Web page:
Hillary Clinton Versus The Perfection Myth

In a recent debate, a male Republican candidate publicly defended his manhood on stage. His opponent, another male candidate, brought up the fact that the frontrunner has “small hands.” “And you know what they say about men with small hands?” the opponent continued. “You can’t trust them.” Rather than dismissing the comment as “vulgar” or pointing out that the men were supposed to be discussing public policy, the candidate showed off his hands to the crowd: “Look at those hands, are they small hands?” Having made his point with the apparent enormity of his digits, he concluded, “I guarantee you there’s no problem. I guarantee.”

If you did not watch this incident unfold, you likely heard about it. You laughed about it. Maybe you even tweeted about it. But in the days since, something curious has (or has not) happened: The much-discussed gaffe has hurt neither man in the race. The frontrunner, Donald Trump, has remained so. He’s ahead by 14 points in the polls, dropping just 1.5 in the past week. That’s well within the margin of error. The same is true for his rival, Sen. Marco Rubio, who is still hovering around 18 points. Rubio is in third place, the same spot as when he went after Trump’s member.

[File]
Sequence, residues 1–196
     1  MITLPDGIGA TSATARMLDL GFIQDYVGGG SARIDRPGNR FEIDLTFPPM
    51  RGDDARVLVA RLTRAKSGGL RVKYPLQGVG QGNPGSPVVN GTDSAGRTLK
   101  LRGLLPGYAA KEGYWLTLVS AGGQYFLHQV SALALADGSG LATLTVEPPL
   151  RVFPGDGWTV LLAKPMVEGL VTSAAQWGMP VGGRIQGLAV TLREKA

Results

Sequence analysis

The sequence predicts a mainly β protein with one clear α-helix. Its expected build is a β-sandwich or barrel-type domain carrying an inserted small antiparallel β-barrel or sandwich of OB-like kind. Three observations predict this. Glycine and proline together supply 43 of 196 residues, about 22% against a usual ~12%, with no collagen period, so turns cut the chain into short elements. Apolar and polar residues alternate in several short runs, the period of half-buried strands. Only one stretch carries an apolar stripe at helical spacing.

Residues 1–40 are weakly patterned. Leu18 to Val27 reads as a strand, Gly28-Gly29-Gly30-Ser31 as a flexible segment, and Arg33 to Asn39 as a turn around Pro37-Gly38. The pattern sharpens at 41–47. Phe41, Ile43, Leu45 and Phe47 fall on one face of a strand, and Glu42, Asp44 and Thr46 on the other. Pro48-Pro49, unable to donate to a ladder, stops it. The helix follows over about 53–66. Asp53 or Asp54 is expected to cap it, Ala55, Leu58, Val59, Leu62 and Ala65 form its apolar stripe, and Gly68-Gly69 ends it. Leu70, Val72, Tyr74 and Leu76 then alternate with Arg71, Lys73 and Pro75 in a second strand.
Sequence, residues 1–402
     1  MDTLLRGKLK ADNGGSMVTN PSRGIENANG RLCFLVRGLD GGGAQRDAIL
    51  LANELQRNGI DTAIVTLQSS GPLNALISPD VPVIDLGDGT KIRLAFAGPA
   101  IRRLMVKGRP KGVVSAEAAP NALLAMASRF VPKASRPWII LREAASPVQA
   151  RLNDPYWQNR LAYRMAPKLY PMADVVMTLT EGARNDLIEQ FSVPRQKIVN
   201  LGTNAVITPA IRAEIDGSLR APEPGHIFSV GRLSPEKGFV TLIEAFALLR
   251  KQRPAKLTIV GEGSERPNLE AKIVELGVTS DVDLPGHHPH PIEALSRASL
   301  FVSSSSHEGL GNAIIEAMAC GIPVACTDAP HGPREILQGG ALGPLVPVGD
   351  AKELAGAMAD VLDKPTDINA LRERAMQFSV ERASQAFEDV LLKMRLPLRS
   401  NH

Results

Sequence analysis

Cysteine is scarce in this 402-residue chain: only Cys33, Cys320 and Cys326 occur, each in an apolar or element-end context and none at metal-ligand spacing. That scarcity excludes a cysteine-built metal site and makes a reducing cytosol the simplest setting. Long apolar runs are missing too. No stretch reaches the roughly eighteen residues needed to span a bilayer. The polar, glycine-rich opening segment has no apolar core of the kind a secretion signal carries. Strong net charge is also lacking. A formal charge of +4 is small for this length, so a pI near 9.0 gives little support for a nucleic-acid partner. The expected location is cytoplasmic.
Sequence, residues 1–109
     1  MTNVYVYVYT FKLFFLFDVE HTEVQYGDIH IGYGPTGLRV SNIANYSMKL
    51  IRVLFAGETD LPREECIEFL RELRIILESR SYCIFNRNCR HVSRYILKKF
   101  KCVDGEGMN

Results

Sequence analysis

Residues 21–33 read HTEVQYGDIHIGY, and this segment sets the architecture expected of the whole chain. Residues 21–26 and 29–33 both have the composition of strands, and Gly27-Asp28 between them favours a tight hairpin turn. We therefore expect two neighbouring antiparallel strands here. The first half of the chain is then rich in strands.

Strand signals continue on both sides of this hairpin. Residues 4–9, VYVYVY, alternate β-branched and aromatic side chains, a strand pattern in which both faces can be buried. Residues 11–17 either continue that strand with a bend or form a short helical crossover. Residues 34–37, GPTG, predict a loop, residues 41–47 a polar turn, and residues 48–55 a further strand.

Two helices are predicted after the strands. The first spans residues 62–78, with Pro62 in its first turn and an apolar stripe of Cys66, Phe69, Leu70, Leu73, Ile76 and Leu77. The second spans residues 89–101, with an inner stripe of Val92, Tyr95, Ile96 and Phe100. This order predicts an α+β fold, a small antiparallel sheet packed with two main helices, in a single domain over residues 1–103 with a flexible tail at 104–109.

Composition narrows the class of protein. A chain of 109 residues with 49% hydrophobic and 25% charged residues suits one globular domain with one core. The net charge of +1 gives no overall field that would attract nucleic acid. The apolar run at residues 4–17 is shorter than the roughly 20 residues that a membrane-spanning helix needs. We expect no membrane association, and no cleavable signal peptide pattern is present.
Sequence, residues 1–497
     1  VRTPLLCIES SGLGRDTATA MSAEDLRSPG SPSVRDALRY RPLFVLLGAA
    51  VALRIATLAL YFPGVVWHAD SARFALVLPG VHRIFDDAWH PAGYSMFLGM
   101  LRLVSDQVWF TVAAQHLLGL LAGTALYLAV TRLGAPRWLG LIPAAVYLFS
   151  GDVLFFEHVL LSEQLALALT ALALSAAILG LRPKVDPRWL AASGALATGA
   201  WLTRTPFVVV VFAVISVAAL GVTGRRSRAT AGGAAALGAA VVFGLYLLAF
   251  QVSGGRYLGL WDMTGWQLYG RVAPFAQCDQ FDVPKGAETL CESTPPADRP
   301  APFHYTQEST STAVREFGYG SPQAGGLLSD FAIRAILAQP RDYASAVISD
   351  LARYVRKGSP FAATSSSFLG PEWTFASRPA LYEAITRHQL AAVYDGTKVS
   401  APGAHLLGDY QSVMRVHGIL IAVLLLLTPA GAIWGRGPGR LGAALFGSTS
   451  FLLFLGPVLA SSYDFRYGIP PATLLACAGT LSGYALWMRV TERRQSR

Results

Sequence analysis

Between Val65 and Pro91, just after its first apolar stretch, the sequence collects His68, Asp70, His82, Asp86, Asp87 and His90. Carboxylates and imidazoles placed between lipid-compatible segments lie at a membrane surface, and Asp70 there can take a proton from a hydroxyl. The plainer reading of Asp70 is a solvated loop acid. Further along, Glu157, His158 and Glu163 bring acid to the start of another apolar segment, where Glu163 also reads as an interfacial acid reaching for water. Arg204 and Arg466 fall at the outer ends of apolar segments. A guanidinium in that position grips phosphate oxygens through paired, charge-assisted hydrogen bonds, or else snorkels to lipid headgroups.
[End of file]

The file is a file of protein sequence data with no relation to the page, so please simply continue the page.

If any quality appears to mark Donald Trump’s campaign, it’s that he is imperfect—very, very imperfect. In fact, this is what his supporters like about him. For Trump voters, his appeal is two-fold: 1) He’s a businessman and an outsider who won’t be bought by the political system (because he has enough money that he can buy the entire race) and 2) He speaks his mind, even when what’s on his mind isn’t right. “I don’t care what his actual positions are,” Dallas Mavericks CEO Mark Cuban once argued. “I don’t care if he says the wrong thing. … He gives honest answers rather than prepared answers. This is more important than anything any candidate has done in years.”

Former Senator Hillary Clinton, however, faces an opposite reality. If Trump’s base supports him because he’s exactly the kind of man who would issue a disclaimer about his Johnson before a national audience, Clinton is endlessly scrutinized for every stray comment she makes—and how she makes it. As DailyKos’ Laura Clawson pointed out, the Democratic frontrunner is often described as “tense” during televised debates; her points are made with “ferocity” and “vitriol.” Meanwhile, during February’s MSNBC Democratic debate, the New York Times wrote that her opponent, Sen. Bernie Sanders, “largely kept his cool.”